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ABSTRACT: Magnetic resonance imaging (MRI) is recommended in all children with cerebral palsy (CP) where the aetiology has not been established, and the major presenting problem in CP is reduced motor capacity. A systematic review of the literature was performed to investigate the relationship between brain structure on MRI and motor outcomes in children with CP. A total of 37 studies met inclusion criteria, and were analysed in terms of (a) population characteristics, (b) MRI data, (c) motor outcome data, and (d) the relationship between MRI data and motor outcomes. All studies used a qualitative system to classify brain lesions; however, few reported information about the location and extent of lesions. Valid and reliable classifications of motor abilities were not always used, and three studies did not link motor findings to MRI features. There was, however, a relationship between the type of brain lesion on MRI and two specific motor outcomes, namely gross motor functional classification (using GMFCS) and motor type. This relationship could aid in the prediction and optimisation of early interventions for children with CP. There is also need for a quantitative MRI classification measure which includes detailed information about the location and severity of lesions.Research in developmental disabilities 04/2013; 34(7):2234-2250. · 4.41 Impact Factor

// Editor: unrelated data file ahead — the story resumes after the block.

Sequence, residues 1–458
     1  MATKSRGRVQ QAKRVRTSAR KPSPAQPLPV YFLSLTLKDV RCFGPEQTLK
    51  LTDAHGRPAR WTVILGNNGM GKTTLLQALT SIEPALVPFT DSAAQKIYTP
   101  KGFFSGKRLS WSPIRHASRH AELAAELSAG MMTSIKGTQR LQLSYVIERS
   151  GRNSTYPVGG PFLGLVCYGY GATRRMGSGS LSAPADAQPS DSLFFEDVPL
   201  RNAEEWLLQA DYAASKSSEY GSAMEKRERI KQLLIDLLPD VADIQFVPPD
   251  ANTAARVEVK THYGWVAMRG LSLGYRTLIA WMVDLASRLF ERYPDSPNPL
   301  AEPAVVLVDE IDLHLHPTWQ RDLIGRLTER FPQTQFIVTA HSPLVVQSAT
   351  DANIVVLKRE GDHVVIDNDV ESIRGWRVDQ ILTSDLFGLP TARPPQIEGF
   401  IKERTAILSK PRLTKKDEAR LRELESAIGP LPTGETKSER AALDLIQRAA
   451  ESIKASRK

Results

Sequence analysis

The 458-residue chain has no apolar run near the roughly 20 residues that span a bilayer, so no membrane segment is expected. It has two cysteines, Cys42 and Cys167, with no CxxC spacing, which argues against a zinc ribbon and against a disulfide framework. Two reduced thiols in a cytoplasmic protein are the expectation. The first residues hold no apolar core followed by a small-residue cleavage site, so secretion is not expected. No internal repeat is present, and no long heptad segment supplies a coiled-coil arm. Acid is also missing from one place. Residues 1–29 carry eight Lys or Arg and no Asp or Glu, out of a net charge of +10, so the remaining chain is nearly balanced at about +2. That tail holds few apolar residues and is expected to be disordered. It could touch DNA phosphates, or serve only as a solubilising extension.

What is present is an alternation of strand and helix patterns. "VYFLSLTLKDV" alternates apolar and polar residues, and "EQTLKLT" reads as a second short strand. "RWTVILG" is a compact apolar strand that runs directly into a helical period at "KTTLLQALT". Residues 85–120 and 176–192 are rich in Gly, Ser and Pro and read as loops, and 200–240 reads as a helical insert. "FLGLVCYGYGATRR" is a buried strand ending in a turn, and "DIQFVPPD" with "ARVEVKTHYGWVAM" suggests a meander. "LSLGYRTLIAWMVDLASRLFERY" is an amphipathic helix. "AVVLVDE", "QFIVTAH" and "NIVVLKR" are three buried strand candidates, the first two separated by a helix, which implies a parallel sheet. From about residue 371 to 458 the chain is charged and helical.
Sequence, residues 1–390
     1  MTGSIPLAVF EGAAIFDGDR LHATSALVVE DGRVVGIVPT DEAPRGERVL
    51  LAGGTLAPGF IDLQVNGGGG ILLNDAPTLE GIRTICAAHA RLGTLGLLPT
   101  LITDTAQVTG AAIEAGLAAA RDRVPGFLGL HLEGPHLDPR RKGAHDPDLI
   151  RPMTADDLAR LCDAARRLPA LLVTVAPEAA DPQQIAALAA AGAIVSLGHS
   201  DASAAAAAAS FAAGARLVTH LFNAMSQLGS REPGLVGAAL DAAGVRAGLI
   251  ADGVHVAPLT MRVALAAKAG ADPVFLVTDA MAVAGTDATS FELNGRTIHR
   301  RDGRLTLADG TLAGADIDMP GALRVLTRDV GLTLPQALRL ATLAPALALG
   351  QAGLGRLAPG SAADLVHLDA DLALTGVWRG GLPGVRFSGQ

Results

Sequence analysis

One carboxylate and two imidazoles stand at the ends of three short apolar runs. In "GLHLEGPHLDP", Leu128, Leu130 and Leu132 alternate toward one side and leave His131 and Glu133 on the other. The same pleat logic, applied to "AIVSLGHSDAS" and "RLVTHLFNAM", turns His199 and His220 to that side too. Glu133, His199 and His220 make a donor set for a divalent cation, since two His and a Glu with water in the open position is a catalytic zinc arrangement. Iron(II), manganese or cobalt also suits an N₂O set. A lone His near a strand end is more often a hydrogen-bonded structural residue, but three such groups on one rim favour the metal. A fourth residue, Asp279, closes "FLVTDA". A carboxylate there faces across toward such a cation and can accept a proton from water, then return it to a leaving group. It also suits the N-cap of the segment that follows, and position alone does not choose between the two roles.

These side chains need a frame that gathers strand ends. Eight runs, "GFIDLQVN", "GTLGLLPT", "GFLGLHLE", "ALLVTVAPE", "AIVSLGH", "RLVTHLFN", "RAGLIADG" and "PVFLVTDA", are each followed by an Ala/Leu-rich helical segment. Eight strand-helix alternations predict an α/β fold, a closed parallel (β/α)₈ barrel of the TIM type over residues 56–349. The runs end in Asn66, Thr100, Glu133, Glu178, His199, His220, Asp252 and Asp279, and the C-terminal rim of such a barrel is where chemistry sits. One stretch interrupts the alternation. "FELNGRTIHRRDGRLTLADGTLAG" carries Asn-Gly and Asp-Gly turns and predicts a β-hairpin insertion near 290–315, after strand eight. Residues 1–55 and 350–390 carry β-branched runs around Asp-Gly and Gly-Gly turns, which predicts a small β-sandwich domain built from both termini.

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ABSTRACT: Abstract Purpose: To determine the reliability and validity of the Chinese version of Expanded and Revised Gross Motor Function Classification System (GMFCS-ER) for cerebral palsy (CP) and to explore if there existed differences between parents and the other raters. Method: The GMFCS-ER was translated into Chinese. Children with CP age 6 to 18 years from two special education schools were assessed by 6 physiatrists, 21 physiotherapists, 15 teachers and parents. Inter-rater reliability was analyzed with inter-rater correlation coefficients (ICC). Validity was assessed using Gross Motor Function Measure (GMFM) score as the criterion standard. Results: Mean (SD) age of the 130 children (93 boys, 37 girls) was 11.5 (2.8) years. Overall ICCs ranged between 0.84 and 0.92. Reliabilities between physiatrists, physiotherapists and teachers (ICCs from 0.86 to 0.92) were higher than those between parents and the other raters (ICCs from 0.80 to 0.84) in 6-to-12 year age band. The overall correlation for criterion-related validity was -0.83. Conclusion: The Chinese version of the GMFCS-ER is a valid measure of functional ability in school children with CP and reliable enough for use by Chinese healthcare providers and parents. Effects of environmental and personal factors should be considered when practicing GMFCS-ER assessment. Implications for Rehabilitation Cerebral palsy. Research about GMFCS-ER is needed to promote a more extensive use of GMFCS-ER in China for school children with CP. The Chinese version of the GMFCS-ER is a valid measure of functional ability in school children with CP and reliable enough for use by Chinese healthcare providers. Effects of environmental and personal factors should be considered when performing the GMFCS-ER assessment.Disability and Rehabilitation 05/2013; · 1.54 Impact Factor